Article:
How do the qualities that made you a great cheerleader benefit you in your science career?
Cheerleading takes commitment and often is very demanding of your time and body. Surgery is very much the same. Something that all cheerleaders know – that practice makes perfect – is also true in surgery. The more you work at specializing and perfecting what you do, the better!
How do you feel about breaking down negative stereotypes about cheerleaders? Have you faced a situation where you had to challenge a stereotype about cheerleaders [or scientists]?
I love challenging stereotypes. Most surgeons are men, but we are seeing more and more women enter surgical specialties, and now, more women than men attend medical school. The biggest trick when it comes to stereotypes is to educate and avoid becoming angry about it. When a patient calls me nurse instead of doctor, there are usually friendly and funny ways to correct them, and they always get it right the next time around! There are definitely times when I feel like I am not taken seriously by my male colleagues because of the way I look and/or because I’m a woman, so to counteract that, I work even harder to become the best surgeon I can. I’ve also learned that data is something very hard to argue with, so being prepared with knowledge – of the literature, of my own surgical results, etc – is the best defense! And if working hard to gain that knowledge means we are smarter than most of the guys out there, so be it! Fabulous!
What do you think is the greatest challenge in your field?
In my field of medicine, the biggest challenge is trying to define what the absolute best outcomes are for our patients. Who needs surgery? What is the best surgery with the lowest complication rate? What sort of suture should we be using? Is there a way to do it with minimal scarring? And, most importantly, is what we do really improving the lives and well-beings of our patients? There are so many questions to ask that my job will never become boring.
What’s the best advice someone gave you in your career?
Another surgeon taught me about the 3 P’s: Prospective data collection, Periodically reviewing our results, and then making Practice changes. It is easy to think we are doing the best job we can, but unless you keep up with the results of your work, you can’t really know. Making sure to spend time monitoring our surgical results and making changes when something isn’t perfect is the best way to ensure our patients are getting the top-quality care they deserve.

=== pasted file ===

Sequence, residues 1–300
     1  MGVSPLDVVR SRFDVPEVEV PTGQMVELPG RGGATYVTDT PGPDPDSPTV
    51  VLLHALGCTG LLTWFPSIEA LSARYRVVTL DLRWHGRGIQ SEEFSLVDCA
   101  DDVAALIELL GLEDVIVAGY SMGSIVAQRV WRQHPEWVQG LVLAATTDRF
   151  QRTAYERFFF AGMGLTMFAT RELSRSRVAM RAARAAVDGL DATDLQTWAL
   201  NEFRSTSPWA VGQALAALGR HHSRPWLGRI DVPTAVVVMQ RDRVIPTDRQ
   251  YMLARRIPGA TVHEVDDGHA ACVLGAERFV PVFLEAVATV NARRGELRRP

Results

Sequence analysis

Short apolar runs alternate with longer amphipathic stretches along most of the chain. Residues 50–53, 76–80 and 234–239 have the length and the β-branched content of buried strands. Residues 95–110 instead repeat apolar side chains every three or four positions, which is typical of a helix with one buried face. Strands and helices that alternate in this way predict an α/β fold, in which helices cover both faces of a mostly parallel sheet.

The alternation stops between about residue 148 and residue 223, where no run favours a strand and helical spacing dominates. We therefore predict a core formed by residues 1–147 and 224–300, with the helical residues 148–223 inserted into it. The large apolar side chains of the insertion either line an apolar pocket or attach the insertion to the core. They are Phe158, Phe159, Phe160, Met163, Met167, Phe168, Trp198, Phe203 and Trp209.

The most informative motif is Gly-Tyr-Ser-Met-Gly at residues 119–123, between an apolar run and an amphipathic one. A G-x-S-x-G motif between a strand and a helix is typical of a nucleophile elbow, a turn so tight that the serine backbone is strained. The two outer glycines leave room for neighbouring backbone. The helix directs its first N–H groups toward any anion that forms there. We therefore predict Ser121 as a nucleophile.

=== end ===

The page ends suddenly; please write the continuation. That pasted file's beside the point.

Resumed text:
Best cheerleading experience?
Visiting our troops in Korea one Christmas on a USO tour. And cheering at Super Bowl XXVII.
Best science-related experience?
Visiting other countries – in the last year India, Ecuador, Israel, and Austria – to teach other surgeons not only techniques to help repair hypospadias, but also how to collect data to make improvements in many kinds of surgeries that we do.
If you could rewind the clock and change your degree, would you? If so, to what and why? If not, why not?
Becoming a pediatric surgical specialist is a very long road. This can be frustrating every month when I have to pay on my student loans instead of putting money away for my children’s college fund. And I don’t get to participate in some of their school activities like I would like – I’ve never been a homeroom mom! But I love what I do every day. And my children know I love them very much even if an emergency comes up on Halloween and I have to leave trick-or-treating early, for example. So I wouldn’t change a thing.
What advice would you give your 12-year-old self?
Don’t be afraid to ask questions, and if answers aren’t available, go out and find them, even if (especially if!) you are the one making the definitions!
What’s one thing people might find especially surprising about you?
I was very, very shy growing up. I usually read a book at lunch by myself in elementary and junior high.
Apart from work and cheering, what are some of your favorite activities?
My favorite activity is spending time with my children – reading books, working on multiplication tables, going to the zoo, just hanging out and watching Magic School Bus with them. But I also like traveling the world – as long as I’m not away from home too long!
What are your plans for the future?
I’m going to continue to grow my business, PARC Urology, as well as our charity, Operation Happenis, which helps children with hypospadias and helps teach surgeons the best ways to help these children.
Why do you want to be a Science Cheerleader?
I love the idea of challenging stereotypes and teaching young ladies that science is very cool. Having experience outside of science such as dance and cheerleading not only makes you a more well-rounded, interesting person, but it also provides the discipline and multitasking skills for becoming a top-notch scientist.


Nicol was featured on WFAA news on March 9, highlighting her background as a woman of science and cheerleading. Go Nicol! Check out the link here.